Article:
It just makes me sick, those poor babies made ill by milk powder in China. It reminds me of Nestle going into third world countries, telling the women to stop breastfeeding and to “use formula like western women,” all the while ignoring the fact that the water is unsafe to drink. The result is a 50% infant mortality rate in these countries because the babies die from dysentery. Now we have over 59,000 babies sickened and killed in China from drinking poisoned milk powder.
Fifty percent infant mortality rate. 59,000 sick and dying children. All these giant numbers, all these sanitized words used to cover one salient fact: some parent’s baby got really sick or died. Each of those hurt or killed had a mom and dad who either had to sit up worrying about a sick baby or they lost a little baby they loved, not to mention the fact that these little kids had to suffer through sick stomachs, diarrhea, and vomiting. Use sanitized words and it becomes so easy to forget that.
The other piece of this that strikes me is how truly sad it is that formula is fed to children instead of breastmilk. I wrote a law review article calling for laws requiring employer accommodation of breastfeeding women. For that article, I did extensive economic and medical research to back up my arguments. The conclusion I drew was that breastfeeding saves lives and money. We never should have switched to a system where it was not the norm. Of course, money drove the trend on many levels. Money, money, money. Everyone wants it. Everyone wants everyone else to think they have it. Stupid decisions are made because of it, from the decision to make our babies sleep in other rooms to the decision to feed our children milk made from powder to prove we can afford it. Later these decisions became the norm to the point where children who want to sleep with their parents are considered problems and babies drinking from mothers’ breasts is considered obscene. No one questions why it started and what was normal for thousands of years becomes disgusting and unnatural.
I continue to marvel at the ridiculousness of human beings. We’re too smart for our own good. Unfortunately, we aren’t smart enough to make milk that is as good as our own and the result is that it makes babies sick and kills them. Pitiful. Truly pitiful.
Excellent post Lara!
Trouble starts when we star thinking we are smarter than we really are.
Food scientists know better than God (nature) what babies need to eat/drink? Preposterous.
Children should be in a room all by themselves with the door closed so mom and dad can watch Leno in peace? Ignorant.
Children need day care at age 3 to socialize them for the real world? Socialist.
The list goes on where we (society) strays further and further away from traditional and proven practices to get on the bus for the next new theory of some egg heads who have no children or mentally abuse the ones they have.
Must work? Can;t be there to breast feed? I understand that. I’m sad for that. But then pump!! Fill up those artificial milk jugs with something natural and refrigerate. Trouble? Yes, I know, but nobody ever said having kids was supposed to be a walk in the park. It’s a walk in the mud with new pretty white sneakers!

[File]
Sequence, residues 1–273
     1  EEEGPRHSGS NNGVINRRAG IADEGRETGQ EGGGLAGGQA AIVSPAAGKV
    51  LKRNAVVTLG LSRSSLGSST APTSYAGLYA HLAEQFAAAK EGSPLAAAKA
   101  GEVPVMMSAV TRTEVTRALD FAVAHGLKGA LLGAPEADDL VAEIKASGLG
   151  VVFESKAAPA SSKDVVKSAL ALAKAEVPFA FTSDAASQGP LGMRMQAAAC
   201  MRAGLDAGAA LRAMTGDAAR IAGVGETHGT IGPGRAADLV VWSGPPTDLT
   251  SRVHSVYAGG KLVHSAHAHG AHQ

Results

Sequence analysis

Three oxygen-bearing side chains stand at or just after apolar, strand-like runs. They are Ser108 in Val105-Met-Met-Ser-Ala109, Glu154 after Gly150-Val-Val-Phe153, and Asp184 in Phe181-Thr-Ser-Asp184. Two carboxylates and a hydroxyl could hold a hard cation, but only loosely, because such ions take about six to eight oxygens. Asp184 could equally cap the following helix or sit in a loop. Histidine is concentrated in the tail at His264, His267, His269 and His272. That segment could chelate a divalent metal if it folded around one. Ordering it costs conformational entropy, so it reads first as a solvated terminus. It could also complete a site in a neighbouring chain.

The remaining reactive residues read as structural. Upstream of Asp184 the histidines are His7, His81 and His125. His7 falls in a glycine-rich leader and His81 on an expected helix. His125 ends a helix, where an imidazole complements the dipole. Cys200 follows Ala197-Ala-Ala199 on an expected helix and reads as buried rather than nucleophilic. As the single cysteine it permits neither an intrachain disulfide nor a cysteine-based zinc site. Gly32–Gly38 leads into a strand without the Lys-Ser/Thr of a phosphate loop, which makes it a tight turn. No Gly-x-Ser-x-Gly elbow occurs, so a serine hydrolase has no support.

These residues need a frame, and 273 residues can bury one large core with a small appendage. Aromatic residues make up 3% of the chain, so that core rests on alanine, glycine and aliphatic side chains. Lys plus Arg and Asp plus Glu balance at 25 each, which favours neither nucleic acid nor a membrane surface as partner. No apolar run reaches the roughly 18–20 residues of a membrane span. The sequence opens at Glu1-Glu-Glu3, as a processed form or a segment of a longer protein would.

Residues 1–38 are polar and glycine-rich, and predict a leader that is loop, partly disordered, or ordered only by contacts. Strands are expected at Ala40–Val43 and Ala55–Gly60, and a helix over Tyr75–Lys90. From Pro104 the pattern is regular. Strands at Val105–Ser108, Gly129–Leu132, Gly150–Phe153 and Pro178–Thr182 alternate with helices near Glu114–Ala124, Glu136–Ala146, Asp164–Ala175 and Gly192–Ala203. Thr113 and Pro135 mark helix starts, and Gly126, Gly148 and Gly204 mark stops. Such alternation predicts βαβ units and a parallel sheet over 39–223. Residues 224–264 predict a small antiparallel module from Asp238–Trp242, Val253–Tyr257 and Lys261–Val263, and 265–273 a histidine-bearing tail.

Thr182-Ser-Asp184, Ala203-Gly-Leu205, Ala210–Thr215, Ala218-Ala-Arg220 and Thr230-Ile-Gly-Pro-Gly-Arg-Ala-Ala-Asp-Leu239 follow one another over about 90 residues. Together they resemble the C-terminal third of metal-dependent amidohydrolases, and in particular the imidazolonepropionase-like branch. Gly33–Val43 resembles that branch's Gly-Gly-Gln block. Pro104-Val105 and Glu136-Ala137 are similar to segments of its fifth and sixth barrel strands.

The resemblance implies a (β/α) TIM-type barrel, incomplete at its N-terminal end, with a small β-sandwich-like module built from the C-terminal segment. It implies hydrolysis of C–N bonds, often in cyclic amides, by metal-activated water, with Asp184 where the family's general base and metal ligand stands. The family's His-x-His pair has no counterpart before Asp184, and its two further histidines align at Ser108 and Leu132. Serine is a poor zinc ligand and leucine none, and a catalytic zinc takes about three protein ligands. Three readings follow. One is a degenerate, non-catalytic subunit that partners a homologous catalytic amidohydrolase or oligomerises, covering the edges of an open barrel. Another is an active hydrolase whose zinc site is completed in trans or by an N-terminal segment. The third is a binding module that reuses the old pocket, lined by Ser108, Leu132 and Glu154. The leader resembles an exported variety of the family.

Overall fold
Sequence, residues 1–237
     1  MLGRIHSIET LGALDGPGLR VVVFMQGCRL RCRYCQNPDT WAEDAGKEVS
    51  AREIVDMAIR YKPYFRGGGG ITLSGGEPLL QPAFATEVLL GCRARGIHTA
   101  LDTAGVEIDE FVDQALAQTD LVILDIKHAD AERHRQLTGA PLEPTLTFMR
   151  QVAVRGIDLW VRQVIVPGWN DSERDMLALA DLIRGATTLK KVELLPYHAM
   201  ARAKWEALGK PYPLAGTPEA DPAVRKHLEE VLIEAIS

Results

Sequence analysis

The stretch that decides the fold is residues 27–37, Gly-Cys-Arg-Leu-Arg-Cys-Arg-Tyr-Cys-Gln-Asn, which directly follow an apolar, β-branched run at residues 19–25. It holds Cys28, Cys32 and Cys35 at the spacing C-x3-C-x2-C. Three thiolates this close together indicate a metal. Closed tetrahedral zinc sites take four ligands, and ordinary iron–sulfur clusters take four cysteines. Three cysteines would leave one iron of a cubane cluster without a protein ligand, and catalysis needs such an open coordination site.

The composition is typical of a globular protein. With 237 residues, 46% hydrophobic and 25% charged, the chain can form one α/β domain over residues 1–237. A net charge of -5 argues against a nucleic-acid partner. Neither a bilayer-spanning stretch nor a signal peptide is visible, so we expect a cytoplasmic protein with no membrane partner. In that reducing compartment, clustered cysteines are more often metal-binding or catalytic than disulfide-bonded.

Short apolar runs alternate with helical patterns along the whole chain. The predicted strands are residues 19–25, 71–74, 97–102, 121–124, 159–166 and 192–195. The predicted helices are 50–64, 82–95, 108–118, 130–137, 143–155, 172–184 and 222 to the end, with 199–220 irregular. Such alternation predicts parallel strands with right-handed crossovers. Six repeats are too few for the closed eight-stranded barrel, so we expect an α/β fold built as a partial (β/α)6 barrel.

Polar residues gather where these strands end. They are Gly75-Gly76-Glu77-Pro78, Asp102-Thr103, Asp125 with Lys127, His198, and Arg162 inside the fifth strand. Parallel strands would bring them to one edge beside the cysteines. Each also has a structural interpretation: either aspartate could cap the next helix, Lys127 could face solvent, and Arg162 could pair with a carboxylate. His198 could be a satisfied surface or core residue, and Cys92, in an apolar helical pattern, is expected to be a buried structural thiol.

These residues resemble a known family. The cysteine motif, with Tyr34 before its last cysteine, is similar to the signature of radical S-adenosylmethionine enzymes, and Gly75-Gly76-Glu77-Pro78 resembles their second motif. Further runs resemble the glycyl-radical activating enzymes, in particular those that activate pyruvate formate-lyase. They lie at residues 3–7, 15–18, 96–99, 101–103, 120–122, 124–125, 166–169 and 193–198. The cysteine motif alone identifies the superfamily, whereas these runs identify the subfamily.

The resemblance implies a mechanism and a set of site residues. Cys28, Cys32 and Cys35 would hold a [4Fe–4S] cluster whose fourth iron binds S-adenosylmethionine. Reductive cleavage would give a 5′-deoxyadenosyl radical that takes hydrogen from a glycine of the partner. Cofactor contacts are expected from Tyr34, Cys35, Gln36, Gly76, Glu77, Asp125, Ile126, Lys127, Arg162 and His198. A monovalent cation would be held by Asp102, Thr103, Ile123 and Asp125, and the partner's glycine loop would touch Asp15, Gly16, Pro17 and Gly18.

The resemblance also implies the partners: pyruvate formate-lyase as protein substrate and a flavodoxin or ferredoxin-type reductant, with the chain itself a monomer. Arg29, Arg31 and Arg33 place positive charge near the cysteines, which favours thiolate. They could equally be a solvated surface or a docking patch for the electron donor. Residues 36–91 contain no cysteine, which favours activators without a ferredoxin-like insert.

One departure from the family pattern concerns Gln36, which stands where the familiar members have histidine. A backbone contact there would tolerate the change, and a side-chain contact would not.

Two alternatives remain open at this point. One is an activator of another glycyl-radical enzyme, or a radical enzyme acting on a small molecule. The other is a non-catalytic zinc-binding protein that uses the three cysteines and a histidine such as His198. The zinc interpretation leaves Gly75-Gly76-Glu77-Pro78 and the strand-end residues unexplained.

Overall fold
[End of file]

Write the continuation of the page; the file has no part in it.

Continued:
Thank you Lara. Dare I say that I nursed my baby because you set the example for me? It’s true. Your experiences and support showed me that it was the natural and right thing to do for my baby. Yes, DrM, breastfeeding is not easy, arranging nursing schedules around work breaks, pumping, pumping, pumping – I think you know – but it is so, so worth it. It seems so simple – yet countless mothers feed their babies chemical nutritional substitutes that really don’t even come close to the real thing. And some of those mothers, unwittingly, are poisoning their babies. It’s so preventable – if women would be encouraged, and allowed to return to what their bodies are naturally designed to do for their young.
It IS so hard! I spent the first three weeks with raw nipples and a baby who could not latch on. Everyone who was advising me was an “expert,” telling me it was not possible for my breast to plug her nose. I could see that this is what was happening, but because “experts” told me otherwise, we struggled. Then one day I pressed my breast away from my daughter’s nose and lo and behold, she could breathe AND eat! What did I learn? What has parenthood really taught me in this and countless other situations? We are our own experts on ourselves and our babies. Other people can help us. In fact without them we would often be lost. But our bodies hold a lot of the answers, including what to feed our babies.
Built into every Mom is a junior Medical Degree! Unless you are totally unaware…a mother’s intuition and plain old common sense will prevail. No expert knows your child like you do. My wife can enter a room and “smell” if my kids don;t feel well. One look at their face or eyes and she knows when it’s time for a hug or if they are coming down with something. It is something all my schooling and 22 years of practice caring for patients cannot match. Even with my own kids!
Mothers need to continually encourage each other to do what is natural and right for them. Not every mom will be able to breast feed for one reason or another, but ALL women should be encouraged to try and to make it a societal goal to help make it possible and not a hindrance.